Long shots: Odds against Cavs in NBA Finals against Warriors
LeBron James and the Cavaliers are being given little - or no - chance of winning their fourth straight NBA Finals matchup against the Golden State Warriors, who have been installed by Las Vegas bookmakers as the heaviest favorites in the past 16 years.
The Warriors are 12-point favorites to win Thursday's Game 1, the largest spread in a Finals game since 1991, according to ESPN Stats & Information.
Cleveland coach Tyronn Lue isn't blinking.
''We're all focused on winning a championship,'' Lue said Tuesday before the team flew to California. ''We played our best basketball going into the playoffs. We've gotten better and better throughout the course of the playoffs. Our main focus and our main objective is to win a championship, so we can't worry about what the outside guys are saying and who's being picked. We know what we have here and what we're trying to do.''
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Lue said All-Star forward Kevin Love remains in concussion protocol and his status for the series opener is in question. Love sat out Cleveland's Game 7 win at Boston on Sunday after suffering a head injury when he and Celtics rookie forward Jayson Tatum accidentally banged heads during the opening minutes of Game 6.
Love was replaced in the starting lineup by veteran Jeff Green, who stepped up and scored 19 points as the Cavs completed their comeback after trailing 2-0 and 3-2 in the series.
Love is expected back for the Finals, and Lue needs his experience against the Warriors, who like the Cavs rallied to win the Western Conference finals by taking Game 7 on the road.
There was a moment when it looked as if both Cleveland and Golden State could miss the Finals.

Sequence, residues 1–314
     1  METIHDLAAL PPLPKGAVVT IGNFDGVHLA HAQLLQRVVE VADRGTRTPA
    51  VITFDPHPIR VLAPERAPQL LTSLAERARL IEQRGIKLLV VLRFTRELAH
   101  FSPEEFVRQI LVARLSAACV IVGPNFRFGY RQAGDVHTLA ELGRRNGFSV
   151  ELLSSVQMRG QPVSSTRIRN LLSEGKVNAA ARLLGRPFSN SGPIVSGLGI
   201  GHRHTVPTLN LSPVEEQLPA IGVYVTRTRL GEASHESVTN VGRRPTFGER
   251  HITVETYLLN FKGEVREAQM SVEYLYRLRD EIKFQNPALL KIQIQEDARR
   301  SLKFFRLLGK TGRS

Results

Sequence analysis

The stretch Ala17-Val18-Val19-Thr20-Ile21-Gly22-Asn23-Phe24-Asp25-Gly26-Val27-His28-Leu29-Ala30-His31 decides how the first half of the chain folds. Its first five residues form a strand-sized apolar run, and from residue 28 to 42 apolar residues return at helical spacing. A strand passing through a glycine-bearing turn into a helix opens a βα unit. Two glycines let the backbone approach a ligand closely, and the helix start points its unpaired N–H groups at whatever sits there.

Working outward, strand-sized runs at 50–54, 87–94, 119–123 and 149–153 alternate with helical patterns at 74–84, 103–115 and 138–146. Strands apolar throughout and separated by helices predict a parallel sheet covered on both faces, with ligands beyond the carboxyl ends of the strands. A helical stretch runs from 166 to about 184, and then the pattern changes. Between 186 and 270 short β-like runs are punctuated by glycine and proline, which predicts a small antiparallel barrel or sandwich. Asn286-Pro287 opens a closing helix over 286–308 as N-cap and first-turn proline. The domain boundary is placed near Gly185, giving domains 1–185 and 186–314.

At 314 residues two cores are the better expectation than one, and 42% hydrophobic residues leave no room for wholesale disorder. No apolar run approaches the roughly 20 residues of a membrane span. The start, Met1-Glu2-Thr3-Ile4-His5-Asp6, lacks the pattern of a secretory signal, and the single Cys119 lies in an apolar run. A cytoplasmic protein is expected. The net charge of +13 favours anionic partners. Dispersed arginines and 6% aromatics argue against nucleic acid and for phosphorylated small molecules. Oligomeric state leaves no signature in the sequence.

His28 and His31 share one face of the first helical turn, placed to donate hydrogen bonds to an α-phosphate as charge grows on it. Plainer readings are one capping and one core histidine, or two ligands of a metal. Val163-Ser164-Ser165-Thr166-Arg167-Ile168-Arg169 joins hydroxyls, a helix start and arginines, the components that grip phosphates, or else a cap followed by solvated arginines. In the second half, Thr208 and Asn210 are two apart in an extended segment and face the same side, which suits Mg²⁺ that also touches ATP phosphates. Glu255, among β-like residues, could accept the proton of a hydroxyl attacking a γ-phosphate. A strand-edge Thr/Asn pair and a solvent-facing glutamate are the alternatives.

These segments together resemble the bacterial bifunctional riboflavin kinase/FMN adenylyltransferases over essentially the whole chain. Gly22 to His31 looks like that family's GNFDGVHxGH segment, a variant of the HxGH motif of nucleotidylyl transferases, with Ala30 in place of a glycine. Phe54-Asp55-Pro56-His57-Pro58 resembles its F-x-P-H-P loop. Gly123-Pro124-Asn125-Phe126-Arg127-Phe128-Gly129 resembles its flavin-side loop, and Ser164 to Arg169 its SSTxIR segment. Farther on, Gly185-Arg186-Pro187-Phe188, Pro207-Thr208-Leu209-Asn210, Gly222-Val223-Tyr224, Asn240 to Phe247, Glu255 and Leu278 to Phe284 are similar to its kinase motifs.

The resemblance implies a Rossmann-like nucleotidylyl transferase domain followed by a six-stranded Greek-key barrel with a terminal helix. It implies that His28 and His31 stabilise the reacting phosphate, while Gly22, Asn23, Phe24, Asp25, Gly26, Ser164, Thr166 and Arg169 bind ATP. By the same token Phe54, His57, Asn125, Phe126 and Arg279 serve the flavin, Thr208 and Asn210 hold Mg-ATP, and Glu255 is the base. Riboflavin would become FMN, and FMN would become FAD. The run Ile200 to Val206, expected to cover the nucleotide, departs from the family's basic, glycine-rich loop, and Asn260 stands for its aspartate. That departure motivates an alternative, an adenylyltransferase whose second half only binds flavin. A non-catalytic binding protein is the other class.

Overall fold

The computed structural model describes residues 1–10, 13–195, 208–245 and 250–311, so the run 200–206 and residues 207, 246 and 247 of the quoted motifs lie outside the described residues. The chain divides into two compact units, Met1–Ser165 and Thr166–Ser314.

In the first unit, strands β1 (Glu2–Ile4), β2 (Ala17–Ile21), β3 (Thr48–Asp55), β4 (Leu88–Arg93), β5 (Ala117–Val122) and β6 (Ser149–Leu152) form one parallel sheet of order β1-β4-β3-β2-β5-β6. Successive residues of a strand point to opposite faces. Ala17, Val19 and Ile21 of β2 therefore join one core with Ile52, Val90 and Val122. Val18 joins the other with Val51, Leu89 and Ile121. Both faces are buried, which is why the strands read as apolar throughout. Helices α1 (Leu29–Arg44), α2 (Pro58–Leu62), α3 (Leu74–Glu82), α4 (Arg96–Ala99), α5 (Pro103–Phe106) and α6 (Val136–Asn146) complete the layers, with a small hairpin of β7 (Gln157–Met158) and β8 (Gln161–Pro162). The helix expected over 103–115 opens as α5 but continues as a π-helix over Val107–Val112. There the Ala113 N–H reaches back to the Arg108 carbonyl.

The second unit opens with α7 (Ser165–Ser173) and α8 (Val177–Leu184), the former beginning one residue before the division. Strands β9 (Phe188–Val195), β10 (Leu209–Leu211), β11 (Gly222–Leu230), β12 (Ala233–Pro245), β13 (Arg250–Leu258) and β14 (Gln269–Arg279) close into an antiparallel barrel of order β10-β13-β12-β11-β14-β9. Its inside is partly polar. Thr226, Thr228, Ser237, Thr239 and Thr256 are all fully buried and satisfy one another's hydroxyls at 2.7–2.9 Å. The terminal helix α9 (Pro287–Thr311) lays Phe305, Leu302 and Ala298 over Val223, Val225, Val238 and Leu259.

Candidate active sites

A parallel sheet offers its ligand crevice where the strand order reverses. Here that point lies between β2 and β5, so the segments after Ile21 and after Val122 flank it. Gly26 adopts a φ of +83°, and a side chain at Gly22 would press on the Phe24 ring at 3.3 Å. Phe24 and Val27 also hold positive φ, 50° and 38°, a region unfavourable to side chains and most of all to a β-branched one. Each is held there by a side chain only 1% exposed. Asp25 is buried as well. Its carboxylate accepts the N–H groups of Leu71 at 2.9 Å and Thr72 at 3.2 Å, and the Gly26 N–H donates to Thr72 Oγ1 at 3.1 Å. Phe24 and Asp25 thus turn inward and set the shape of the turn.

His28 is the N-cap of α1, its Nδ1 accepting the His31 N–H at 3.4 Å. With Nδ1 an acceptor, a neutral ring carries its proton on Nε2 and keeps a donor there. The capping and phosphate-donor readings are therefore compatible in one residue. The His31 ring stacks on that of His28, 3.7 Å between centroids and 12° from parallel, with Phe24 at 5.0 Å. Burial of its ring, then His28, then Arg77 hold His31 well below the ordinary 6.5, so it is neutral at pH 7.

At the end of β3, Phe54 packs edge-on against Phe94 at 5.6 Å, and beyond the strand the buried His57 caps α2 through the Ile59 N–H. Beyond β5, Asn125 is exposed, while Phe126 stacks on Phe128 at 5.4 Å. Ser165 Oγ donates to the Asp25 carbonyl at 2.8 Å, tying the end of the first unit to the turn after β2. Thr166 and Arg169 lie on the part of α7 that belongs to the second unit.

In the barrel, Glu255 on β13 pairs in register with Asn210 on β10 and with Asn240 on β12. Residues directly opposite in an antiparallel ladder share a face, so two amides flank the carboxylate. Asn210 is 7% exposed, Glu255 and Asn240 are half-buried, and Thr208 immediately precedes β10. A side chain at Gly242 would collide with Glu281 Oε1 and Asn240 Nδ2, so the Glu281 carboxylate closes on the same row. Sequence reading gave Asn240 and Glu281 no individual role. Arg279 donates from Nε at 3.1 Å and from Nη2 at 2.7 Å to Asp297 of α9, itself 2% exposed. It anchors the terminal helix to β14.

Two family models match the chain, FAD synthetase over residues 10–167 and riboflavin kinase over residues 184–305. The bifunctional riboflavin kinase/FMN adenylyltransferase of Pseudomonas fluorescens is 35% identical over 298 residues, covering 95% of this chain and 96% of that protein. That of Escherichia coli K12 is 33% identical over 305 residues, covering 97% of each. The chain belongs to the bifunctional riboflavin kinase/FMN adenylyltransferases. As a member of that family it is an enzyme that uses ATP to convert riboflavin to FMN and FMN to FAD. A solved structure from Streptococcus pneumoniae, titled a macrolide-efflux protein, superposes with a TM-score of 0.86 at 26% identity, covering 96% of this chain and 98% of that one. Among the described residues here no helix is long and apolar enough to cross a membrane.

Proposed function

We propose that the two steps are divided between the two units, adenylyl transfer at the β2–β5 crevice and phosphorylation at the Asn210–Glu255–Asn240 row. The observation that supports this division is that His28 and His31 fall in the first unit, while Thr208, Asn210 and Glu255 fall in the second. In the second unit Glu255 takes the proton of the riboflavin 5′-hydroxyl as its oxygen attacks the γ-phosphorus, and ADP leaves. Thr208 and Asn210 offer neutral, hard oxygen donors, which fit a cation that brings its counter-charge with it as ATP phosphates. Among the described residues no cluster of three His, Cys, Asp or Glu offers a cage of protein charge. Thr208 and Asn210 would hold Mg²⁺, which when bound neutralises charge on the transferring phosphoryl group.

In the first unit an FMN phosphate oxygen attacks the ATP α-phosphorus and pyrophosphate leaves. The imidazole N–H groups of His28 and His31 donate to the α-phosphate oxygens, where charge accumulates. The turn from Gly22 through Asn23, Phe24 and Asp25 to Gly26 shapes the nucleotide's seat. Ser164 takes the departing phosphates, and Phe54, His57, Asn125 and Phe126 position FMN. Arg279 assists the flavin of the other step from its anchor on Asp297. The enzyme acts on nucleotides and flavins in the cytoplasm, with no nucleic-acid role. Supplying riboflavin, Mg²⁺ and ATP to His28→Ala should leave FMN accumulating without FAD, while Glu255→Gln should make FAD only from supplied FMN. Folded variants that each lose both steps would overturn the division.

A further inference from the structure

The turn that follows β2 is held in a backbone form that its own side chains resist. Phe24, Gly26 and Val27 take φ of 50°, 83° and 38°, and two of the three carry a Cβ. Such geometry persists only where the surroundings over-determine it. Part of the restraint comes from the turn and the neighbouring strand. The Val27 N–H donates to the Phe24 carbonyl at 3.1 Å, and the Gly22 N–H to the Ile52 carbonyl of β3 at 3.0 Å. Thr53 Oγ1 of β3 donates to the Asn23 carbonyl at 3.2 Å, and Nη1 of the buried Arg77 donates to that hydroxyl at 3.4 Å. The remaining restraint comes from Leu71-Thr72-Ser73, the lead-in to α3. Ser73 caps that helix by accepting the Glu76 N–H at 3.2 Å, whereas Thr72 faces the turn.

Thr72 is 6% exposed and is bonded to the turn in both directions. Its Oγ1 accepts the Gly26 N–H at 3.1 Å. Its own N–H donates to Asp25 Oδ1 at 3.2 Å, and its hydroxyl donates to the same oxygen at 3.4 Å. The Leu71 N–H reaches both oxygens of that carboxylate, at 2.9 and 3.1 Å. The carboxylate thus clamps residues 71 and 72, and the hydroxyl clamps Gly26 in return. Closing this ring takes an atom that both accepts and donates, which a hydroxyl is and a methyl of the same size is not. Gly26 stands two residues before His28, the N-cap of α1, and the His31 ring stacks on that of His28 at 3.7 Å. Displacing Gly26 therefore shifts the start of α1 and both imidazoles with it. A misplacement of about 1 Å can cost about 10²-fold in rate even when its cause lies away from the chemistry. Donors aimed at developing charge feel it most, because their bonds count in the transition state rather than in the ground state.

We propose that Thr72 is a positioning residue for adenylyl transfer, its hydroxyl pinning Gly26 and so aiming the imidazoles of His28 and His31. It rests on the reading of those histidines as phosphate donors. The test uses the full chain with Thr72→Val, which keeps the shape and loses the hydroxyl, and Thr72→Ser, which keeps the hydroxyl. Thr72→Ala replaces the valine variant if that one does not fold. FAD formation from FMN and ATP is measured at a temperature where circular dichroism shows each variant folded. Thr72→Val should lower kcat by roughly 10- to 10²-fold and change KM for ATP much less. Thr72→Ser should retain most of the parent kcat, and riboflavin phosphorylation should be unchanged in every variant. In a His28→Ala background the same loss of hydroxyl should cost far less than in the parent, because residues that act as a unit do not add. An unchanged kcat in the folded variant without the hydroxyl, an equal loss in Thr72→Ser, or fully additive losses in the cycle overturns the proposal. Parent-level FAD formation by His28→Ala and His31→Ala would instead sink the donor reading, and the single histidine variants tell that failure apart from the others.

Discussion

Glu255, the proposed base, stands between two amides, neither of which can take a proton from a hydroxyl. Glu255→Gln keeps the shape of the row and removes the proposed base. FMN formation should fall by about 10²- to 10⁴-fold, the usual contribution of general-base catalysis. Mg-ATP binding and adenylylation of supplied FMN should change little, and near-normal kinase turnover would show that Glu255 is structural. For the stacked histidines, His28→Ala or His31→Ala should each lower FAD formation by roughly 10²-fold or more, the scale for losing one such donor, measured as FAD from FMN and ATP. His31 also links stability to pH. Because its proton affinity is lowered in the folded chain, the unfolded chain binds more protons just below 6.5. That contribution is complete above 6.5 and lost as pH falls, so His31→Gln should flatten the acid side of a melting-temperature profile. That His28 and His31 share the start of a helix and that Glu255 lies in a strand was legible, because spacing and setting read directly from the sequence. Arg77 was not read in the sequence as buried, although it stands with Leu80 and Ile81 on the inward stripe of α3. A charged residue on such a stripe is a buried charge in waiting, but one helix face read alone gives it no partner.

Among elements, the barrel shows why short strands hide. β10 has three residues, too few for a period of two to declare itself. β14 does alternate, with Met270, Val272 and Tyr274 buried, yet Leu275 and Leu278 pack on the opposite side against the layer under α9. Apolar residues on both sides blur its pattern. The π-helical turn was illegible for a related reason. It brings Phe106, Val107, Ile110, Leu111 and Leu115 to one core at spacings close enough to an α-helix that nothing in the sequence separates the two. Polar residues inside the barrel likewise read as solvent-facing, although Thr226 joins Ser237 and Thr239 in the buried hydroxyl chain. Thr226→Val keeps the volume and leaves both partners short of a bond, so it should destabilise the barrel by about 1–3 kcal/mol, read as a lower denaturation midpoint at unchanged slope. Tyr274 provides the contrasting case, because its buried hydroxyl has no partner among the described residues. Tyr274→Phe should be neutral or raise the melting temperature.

It disappeared quickly,
''They've been tested. We've been tested,'' Lue said. ''They've been to Game 7s. We've been to Game 7s. We've won championships and they've won championships, so they understand what it takes and they knew what it took.''
Since the playoffs opened, Cleveland has embraced the ''Whatever It Takes'' mantra that began as a catchy organizational slogan and morphed into a way of survival.
However, in this series when every possession will be magnified, Lue will count on four players who have been around since the Cavs first met the Warriors in the 2015 Finals.
''Just having these guys here who have been through it, been through the tough times, been through the great times as well, this is a bond that can't be broken,'' Lue said. ''Just reminds me a lot of guys I played with back in the day when you see Horace Grant, Robert Horry, Derek Fisher, just something about winning a championship with those guys that you will never forget, and it's a bond that can't be broken.''
While Love has been solid, Smith and Thompson haven't always come through this season for Cleveland.
One of the streakiest shooters in the league, Smith has had prolonged slumps. Thompson, who missed time with a severe calf injury, wasn't a factor until Lue started him in Game 7 of the Indiana series.
Lue never lost faith in either player. It's a trust that can't be measured.
''I'm always going to stick behind my guys,'' Lue said. ''Even when they're struggling, I just have confidence and a belief that when we need those guys, and we call on those guys, they'll be ready and they'll produce. You've seen that throughout the course of the playoffs this year and you've seen it the last three years, that those guys are up for the challenge. They rise to the occasion. And just because a guy is not playing well, you can't give up on a guy.
''You gotta give those guys a chance, especially when you've been there before with them and you know who they are.''
Unlike the past three Finals, Lue won't have Kyrie Irving, traded to Boston last summer.
The All-Star point guard was Cleveland's not-so-secret weapon, the one the Cavs turned to in order to spell James and keep the Warriors off-balance.
''He allowed us to go one on one against the mismatches and can't nobody stop him one on one,'' Lue said. ''We're gonna miss that, but we're just going to have to play a different style of basketball without him being here.''
Now that's a safe bet.
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